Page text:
Plant traits can often determine invasives potential
PARTNERS: USDA Forest Service Forest Inventory and Analysis, Pacific Northwest Research Station, and ; National Environmental Modeling and Analysis Center (NEMAC); Illinois State Museum; Purdue University; University of Nevada-Reno; University of Washington; University of Tennessee-Knoxville; University of Missouri; Western Carolina University; U.S. Geological Survey (USGS); South Florida Water Management District; Chinese Academy of Sciences; University of California-Berkeley; USGS-EROS Data Center; Nanjing University; Taiwan National University; University of Georgia; Biota of North America Program; Synthesis Centre sDiv / Wissenschaftlicher Koordinator Synthesezentrum sDiv German Centre for Integrative Biodiversity Research (iDiv) Halle-Jena-Leipzig; North Carolina State University; Florida International University
SUMMARY: Identifying potentially invasive species is important and necessary to predict and manage their threat to forest health. Ecologists have generally agreed that there is no simple biological predictor of invasion success, but certain biological traits tend to be associated with invasion success more than others. Life history and genetic information are critical for developing early warning/prevention systems, predictive simulation models under various climatic scenarios, risk assessment, and management plans. The major questions to be addressed include: (1) What are the common and unique life history characteristics and traits of 4,000 plant species introduced into the United States? and (2) What kinds of species are most invasive and whether such invasiveness is related to particular life history/genetic traits? Scientists are compiling data for biological traits including life cycle, growth form, woodiness, deciduousness, pollinating agent, fruit type, dispersal agent, and photosynthetic pathway. Researchers will also collect information regarding introduction pathways and vectors, introduction time and locations, and current distribution.
EFETAC's ROLE: The Eastern Threat Center and the National Science Foundation (NSF) are providing funding for an Eastern Threat Center staff member to conduct research in close collaboration with partners (listed above). Data are shared among collaborators and will be published as peer-reviewed articles or eventually deposited on the Eastern Threat Center's website.
PROGRESS: A large database is being built with the University of North Carolina Asheville's National Environmental Modeling and Analysis Center (NEMAC).
Nunez-Mir, G.C., A.M. Liebhold, Q. Guo, E.G. Brockerhoff, I. Jo, K. Ordonez, and S. Fei. 2017. Biotic resistance in forest ecosystems: facts, artifacts, and moving forward. Biological Invasions 19:3287-3299. (PDF)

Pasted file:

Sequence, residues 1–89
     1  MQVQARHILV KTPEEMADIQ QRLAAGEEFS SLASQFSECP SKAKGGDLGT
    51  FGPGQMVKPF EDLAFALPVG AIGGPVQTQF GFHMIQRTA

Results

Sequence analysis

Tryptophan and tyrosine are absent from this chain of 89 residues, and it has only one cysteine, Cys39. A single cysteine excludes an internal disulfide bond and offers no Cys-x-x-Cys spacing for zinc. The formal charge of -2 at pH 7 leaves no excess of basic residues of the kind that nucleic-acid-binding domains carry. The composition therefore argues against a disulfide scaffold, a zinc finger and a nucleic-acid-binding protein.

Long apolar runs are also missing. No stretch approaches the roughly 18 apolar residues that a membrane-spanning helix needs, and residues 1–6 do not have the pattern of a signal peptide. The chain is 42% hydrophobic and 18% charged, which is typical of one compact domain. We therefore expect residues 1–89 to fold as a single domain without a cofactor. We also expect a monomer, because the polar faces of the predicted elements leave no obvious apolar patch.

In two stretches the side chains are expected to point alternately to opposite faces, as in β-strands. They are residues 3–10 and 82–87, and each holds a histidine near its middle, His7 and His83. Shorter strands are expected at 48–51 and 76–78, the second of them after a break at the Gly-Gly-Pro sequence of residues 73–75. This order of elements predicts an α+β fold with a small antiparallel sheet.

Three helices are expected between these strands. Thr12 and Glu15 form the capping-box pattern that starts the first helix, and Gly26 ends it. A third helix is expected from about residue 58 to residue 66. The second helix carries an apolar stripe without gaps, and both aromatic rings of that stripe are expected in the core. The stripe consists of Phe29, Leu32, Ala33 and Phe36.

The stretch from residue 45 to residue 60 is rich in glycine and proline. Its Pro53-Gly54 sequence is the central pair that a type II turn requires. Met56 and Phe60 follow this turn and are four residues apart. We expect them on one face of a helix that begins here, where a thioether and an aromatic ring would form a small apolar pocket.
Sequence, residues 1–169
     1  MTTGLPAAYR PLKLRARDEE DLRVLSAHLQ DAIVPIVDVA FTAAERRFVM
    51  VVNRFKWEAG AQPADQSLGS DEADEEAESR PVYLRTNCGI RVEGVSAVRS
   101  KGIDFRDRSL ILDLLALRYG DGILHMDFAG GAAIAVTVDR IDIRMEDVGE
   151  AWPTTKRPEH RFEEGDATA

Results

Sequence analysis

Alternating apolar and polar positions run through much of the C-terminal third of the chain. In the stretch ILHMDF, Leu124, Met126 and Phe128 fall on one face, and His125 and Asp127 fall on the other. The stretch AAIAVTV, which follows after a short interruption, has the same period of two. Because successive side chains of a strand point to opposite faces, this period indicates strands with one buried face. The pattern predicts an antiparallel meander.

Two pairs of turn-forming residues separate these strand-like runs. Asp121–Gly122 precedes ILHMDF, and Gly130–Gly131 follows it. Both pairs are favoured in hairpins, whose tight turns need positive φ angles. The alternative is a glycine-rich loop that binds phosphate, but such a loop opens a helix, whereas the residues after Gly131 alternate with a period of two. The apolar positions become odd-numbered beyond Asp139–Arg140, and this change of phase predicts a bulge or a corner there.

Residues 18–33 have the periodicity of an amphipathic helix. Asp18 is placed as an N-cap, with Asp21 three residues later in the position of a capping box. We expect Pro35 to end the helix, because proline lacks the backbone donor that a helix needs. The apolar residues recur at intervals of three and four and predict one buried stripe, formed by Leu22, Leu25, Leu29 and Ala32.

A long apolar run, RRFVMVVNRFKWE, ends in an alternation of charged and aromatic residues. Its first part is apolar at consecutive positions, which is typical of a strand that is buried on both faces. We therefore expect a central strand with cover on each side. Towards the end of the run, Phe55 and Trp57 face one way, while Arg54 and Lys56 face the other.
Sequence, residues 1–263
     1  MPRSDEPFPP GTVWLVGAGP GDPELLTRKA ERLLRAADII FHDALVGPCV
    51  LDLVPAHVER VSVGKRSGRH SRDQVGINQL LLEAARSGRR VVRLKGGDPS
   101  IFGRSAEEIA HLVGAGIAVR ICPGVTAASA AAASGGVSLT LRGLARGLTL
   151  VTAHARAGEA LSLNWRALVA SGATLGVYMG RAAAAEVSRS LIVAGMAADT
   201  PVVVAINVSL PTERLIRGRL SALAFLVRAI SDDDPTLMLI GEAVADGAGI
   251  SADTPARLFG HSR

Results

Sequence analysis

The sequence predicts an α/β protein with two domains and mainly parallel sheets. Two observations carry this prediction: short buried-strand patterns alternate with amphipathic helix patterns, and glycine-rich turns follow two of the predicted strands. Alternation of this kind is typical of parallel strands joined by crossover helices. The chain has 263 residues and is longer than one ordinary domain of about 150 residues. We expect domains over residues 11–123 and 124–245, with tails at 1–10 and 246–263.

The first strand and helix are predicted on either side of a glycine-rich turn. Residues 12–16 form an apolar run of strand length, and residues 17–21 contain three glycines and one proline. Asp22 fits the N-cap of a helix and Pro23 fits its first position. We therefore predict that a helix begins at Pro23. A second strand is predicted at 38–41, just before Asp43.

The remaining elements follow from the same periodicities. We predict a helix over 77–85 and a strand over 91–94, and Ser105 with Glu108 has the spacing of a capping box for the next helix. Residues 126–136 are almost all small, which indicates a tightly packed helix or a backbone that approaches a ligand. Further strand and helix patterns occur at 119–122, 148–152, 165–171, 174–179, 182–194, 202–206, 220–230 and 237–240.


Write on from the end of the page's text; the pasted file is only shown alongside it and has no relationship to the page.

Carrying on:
Riitters, K., K. Potter, B. Iannone III, C. Oswalt, S. Fei, and Q. Guo. 2018. Landscape correlates of forest plant invasions: A high-resolution analysis across the eastern United States. Diversity and Distributions 24:274-284. (PDF)
Iannone III, B., K.M. Potter, Q.F. Guo, A.M. Liebhold 4, B.C. Pijanowski, C. Oswalt. And S.L. Fei, 2016. Biological invasion hotspots: a trait-based perspective reveals new sub-continental patterns. Ecography 39:961–969. (PDF)
Iannone III, B., C. Oswalt, A. Liebhold, Q.F. Guo, K.M. Potter, G.C. Nunex-Mir, S.N. Oswalt, B. C. Pijanowski, and S.L. Fei. 2015. Region-specific patterns and drivers of macroscale forest plant invasions. Diversity and Distributions 21:1181–1192. (PDF)
Guo, Q.F., S.L. Fei, J.S. Dukes, C. Oswalt, B.V. Iannone III, and K.M. Potter. 2015. A unified approach for quantifying invasibility and degree of invasion. Ecology 96(10):2613-2621. (PDF)
Guo, Q.F. 2015. Island biogeography theory: emerging patterns and human effects. Earth Systems and Environmental Sciences. http://dx.doi.org/10.1016/B978-0-12-409548-9.09419-7. (PDF)
Guo, Q.F. 2014. Central-marginal population dynamics during species invasions. Frontiers in Ecology and Evolution 2:23. (PDF)
Guo, Q.F. 2014. Species invasions on islands: searching for general patterns and principles. Landscape Ecology 29:1123–1131. (PDF)
Guo, Q.F. 2014. Plant hybridization: the role of human disturbance and exotic invasion. Diversity and Distributions 20:1345–1354. (PDF)
Yuan, S., H. Ren, N. Liu, J. Wang, Q.F. Guo. 2012. Can thinning of overstory trees and planting of native tree saplings increase the establishment of native trees in exotic Acacia plantations in South China? Journal of Tropical Forest Science 25(1):79-95. (PDF)
Guo, Q.F. and S.P. Norman. 2012. Improve restoration to control plant invasions under climate change. Pages 201-214 in S. Jose, H. Singh, D. Batish, and R. Kohli, eds. Invasive Plant Ecology. CRC Press, Boca Raton.
Guo, Q.F. 2011. Counting “exotics”. NeoBiota 9:71–73. (PDF)
Li, Z.Y., Q. Dong, T.P. Albright and Q.F. Guo. 2011. Natural and human dimensions of a quasi-wild species: the case of kudzu. Biological Invasions 13:2167–2179. (PDF)
Qian, H. and Q. Guo. 2010. Linking biotic homogenization to habitat type, invasiveness and growth form of naturalized alien plants in North America. Diversity & Distributions 16:119-125. (PDF)
Hai R., H. Lu, W. Shen, C. Huang, Q.F. Guo, Z. Li, and S.G. Jian. 2009. Sonneratia apetala in mangrove ecosystems in China - invasive species or restoration species? Ecological Engineering 35:1243-1248. (PDF)
Ricklefs, Robert E.; Guo, Qinfeng; and Hong Qian. 2008. Growth form and distribution of introduced plants in their native and non-native ranges in Eastern Asia and North America. Diversity and Distributions 14: 381-386. (PDF)
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CONTACT: Qinfeng Guo, Eastern Threat Center Research Ecologist, email@example.com or 919-549-4043
Updated June 2018